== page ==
It’s no surprise that Google employs artificial intelligence to help parse search queries, but it did surprise me to learn that a full 15% of Google searches are ones its systems have never seen before. It’s these that the company has been decoding with the help of an AI system called RankBrain, reports Bloomberg.
For the past few months, a “very large fraction” of the millions of queries a second that people type into the company’s search engine have been interpreted by an artificial intelligence system, nicknamed RankBrain, said Greg Corrado, a senior research scientist with the company, outlining for the first time the emerging role of AI in search.
As you’d expect, Google uses literally hundreds of different ‘signals’ to make sense of searches, and the vast majority of these are based on discoveries and insights that people in the team have had – but RankBrain is the first system that genuinely learns …
Corrado said that has quickly become the third most important signal, especially when it comes to processing ambiguous queries. Trying to deliver search results without it would, says the company, “be as damaging to users as forgetting to serve half the pages on Wikipedia.”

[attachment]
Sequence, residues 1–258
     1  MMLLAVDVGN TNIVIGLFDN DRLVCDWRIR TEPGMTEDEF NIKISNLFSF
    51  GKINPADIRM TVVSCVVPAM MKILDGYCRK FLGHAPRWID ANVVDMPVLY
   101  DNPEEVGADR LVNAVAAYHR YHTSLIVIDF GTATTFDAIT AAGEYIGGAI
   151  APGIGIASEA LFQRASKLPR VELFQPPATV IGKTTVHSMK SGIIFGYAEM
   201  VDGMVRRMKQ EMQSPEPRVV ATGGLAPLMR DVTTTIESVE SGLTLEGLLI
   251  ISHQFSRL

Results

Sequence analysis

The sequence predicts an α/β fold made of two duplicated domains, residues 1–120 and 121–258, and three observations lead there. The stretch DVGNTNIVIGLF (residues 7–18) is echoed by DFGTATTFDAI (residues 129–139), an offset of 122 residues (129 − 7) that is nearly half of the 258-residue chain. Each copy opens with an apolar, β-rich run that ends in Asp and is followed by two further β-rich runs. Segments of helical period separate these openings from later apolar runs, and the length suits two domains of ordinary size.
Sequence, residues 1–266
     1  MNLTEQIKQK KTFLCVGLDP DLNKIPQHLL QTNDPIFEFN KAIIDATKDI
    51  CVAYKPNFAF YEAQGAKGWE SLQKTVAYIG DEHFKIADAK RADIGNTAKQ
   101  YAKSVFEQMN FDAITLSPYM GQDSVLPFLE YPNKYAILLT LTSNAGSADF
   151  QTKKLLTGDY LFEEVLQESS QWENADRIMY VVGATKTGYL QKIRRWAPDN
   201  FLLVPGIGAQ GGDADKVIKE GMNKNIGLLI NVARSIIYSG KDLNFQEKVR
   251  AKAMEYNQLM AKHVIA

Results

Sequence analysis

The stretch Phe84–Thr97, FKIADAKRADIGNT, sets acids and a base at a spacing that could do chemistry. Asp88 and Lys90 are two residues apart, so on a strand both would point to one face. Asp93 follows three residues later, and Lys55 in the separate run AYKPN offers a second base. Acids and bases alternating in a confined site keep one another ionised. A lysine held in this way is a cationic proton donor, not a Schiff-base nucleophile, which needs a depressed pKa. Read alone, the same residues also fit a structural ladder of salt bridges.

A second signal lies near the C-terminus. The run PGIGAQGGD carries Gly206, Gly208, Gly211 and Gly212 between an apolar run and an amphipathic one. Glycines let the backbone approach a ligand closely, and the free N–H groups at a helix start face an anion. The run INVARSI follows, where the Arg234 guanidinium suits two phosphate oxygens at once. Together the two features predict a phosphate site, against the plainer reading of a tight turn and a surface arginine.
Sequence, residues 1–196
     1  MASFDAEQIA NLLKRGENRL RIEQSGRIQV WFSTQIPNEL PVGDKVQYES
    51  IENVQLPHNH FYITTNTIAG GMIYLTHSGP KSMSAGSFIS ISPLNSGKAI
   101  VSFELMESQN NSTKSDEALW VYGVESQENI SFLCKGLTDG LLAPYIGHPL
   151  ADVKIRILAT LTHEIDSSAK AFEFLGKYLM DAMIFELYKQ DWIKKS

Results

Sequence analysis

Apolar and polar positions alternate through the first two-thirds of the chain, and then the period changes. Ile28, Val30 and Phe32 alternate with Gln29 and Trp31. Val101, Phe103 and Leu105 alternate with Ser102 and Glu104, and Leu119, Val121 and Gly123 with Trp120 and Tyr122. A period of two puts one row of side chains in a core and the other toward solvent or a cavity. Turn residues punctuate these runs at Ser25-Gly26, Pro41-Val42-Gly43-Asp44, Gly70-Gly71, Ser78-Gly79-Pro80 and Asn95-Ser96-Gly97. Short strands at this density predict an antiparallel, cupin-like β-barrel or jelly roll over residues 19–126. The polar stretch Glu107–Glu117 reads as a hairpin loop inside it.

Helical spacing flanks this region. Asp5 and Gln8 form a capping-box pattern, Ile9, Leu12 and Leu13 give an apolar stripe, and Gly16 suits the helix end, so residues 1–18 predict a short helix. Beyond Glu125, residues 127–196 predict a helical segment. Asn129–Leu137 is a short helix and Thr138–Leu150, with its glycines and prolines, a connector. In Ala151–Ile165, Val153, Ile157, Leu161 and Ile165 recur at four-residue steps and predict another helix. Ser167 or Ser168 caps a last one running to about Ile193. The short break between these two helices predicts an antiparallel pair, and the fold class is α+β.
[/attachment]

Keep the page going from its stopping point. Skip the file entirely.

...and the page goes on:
RankBrain is already outperforming even the most well-informed human beings, notes the piece.
Google search engineers, who spend their days crafting the algorithms that underpin the search software, were asked to eyeball some pages and guess which they thought Google’s search engine technology would rank on top. While the humans guessed correctly 70 percent of the time, RankBrain had an 80 percent success rate.
The full piece over at Bloomberg is an interesting read.
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